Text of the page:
* Drain the okra well and pat dry with kitchen paper (do not rinse). * Heat the olive oil in a pan. Cook the onion gently for 5 minutes. * Add the okra, tomatoes and parsley plus ½ teacup of water. Season well. * Cover pan and simmer for 30 minutes, adding more water if needed.

6. ENJOY THE DELICIOUS SEASONAL FRUIT… With so many sunny days, it is not surprising that many different fruits grow well in Cyprus. Citrus groves can be seen on either side of the main road between Paphos and Polis Chrysochous and numerous banana trees grow in Kissonerga (Paphos District). Apple trees are plentiful in the mountains and Kolossi (Limassol) is well known for its strawberries. In many vineyards, you will spot melons growing underneath the vines too. The fruit is so fresh when you buy it in the market or supermarket. It is usually sold loose – by the kilo – and still with its leaves on! If you want to buy just one piece of fruit, the words ‘to ena’ mean ‘one piece’. One tip that visitors to Cyprus need to know, is that the different fruit seasons can be very brief, so you must really ‘live for the moment’ and enjoy each type of fruit as soon as it appears on the market stalls. Keep the fruit in the fridge so that it tastes cool and really refreshing. For the perfect instant snack, enjoy your chosen fruit with a slice of Halloumi.


This chart shows when each fruit is in season. Apples Apricots Avocados Cherries Formosas Grapefruit Honey Melon Lemons Peaches Pears Plums Oranges Strawberries Tangerines Watermelon

June - October June - July Almost all year round June - end of July Early June - September End of October - May Late July - late September All year round (green in the winter) June - late September Mid-August - late September Late June - early September November - late May End of October - end of April End of October - end of April May - late October

8. THE SIMPLE TASTE OF CYPRUS HORIATIKI SALADA (VILLAGE SALAD) A bowl of freshly made salad is served both at lunchtime and in the evenings, almost all year round and it is the perfect light meal on its own or as a tasty accompaniment to an oven-baked dish or meat served sizzling straight from the barbecue. Easy to make to make, Horiatiki Salada is the perfect way to evoke happy memories of your time in Cyprus! Interestingly, Cypriot cucumbers are half the size of Dutch cucumbers so the recipe may have to be adjusted when you get home! Crumbly Greek Feta

cheese is widely available and because it is trademarked, the Cypriot version is spelt ‘Fetta’! Half a small white cabbage finely chopped 1 lettuce finely chopped A handful of fresh coriander leaves, chopped 4 large tomatoes - cut into abstract shaped chunks 1 Cypriot cucumber - skinned and sliced 50g (2oz) crumbled feta cheese A handful of pitted black Kalamata olives Juice of one fresh lemon 4 tablespoons of extra virgin olive oil Large pinch of salt Put the cabbage, coriander, tomatoes, cucumber and olives into a large salad bowl and mix together. Add four tablespoons of olive oil, the lemon juice and salt. Lightly toss all the ingredients together to mix well. Decorate the top of the salad with the crumbled feta.

9. THE GREEK ORTHODOX PERIODS OF FASTING Cyprus is a very religious country and most of its population is Greek Orthodox. Fasting is an important part of the Greek Orthodox calendar. There are four many periods of fasting in the year. The biggest is the 40 day Lenten Fast which begins on Green Monday and ends after the midnight service on Easter Saturday. Cypriots of all ages follow this Fast as it prepares them spiritually for Easter - the largest religious festival of the year. The second Fast, is the Fast of the Apostles, which begins on All Saints’ Day (a varying date) and ends on the feast day of Saints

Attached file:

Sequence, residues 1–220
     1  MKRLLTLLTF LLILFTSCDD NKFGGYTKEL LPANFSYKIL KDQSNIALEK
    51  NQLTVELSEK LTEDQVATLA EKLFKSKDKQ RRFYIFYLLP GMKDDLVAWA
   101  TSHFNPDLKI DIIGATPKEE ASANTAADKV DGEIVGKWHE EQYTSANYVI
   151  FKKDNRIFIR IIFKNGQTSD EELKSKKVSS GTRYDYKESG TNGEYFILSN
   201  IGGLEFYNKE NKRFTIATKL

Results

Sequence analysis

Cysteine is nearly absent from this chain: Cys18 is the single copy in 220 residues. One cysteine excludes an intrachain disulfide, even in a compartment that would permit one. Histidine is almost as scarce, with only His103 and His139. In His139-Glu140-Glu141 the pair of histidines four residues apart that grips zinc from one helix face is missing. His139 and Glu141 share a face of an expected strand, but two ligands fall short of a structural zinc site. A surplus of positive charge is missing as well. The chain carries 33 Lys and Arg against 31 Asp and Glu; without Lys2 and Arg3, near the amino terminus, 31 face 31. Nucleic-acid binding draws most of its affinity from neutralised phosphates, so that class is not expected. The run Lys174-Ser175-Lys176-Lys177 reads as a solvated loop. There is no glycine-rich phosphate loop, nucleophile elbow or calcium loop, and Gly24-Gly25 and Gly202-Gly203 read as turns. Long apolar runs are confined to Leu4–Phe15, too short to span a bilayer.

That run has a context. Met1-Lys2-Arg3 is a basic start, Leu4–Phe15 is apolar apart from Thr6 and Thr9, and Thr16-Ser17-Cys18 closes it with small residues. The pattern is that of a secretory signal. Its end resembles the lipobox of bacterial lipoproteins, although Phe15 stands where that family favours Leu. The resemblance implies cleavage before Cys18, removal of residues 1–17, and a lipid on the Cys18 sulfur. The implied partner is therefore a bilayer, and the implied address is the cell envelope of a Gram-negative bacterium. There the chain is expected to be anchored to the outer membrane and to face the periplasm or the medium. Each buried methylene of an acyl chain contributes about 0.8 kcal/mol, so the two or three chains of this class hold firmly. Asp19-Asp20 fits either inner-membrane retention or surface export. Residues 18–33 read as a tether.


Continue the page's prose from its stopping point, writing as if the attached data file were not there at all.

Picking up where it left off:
Peter and Paul on 28 June. On 1 August, the Fast of the Dormition (of the Panayia/ Our Lady) begins and this ends on 15 August – the feast day of the Panayia. The fourth fasting period is the 40 day preChristmas Fast, which begins on 15 November and ends on Christmas Eve. The beginning of the Lenten Fast is marked by ‘Green Monday’ a very popular Public Holiday. Some older Cypriots refer to Green Monday as ‘Clean Monday’ for two reasons; firstly, because it is the day everyone starts to ‘cleanse’ their bodies in preparation for Easter and secondly, because it is traditionally the day housewives clean their houses from top to bottom before going out on the family picnic. Every family head for the countryside, with baskets piled high with vegetarian food. Be warned! The roads get really busy because simply everyone heads for the country - and other popular picnic spot, such as the scenic freshwater reservoirs. In the week leading up to Green Monday, large tables appear in all the local supermarkets, filled with the traditional vegetarian foods; tahini (a dip made from sesame) houmous (another dip, made from chick-peas), salad ingredients and piles of crusty bread. There are slabs of sweet halvas (made from ground sesame) some of the slabs are plain, some have nuts and others are rippled with carob syrup. All permitted foods for the Fasting period are indicated by labels with the word nistisimo’. During the days of the Lenten (and other) Fasts, it is forbidden to eat any meat or fish (but shell fish is allowed) or any products derived from animals such as milk, cheese, cream, eggs etc. Fish is permitted to be eaten on two days during the Lenten Fast. During Holy Week (the week leading up to Easter), the fast becomes even stricter and olive oil is also withdrawn from the diet.

The Lenten Fast is the largest in Cyprus and during this time many of the restaurants have an adapted menu for those observing it.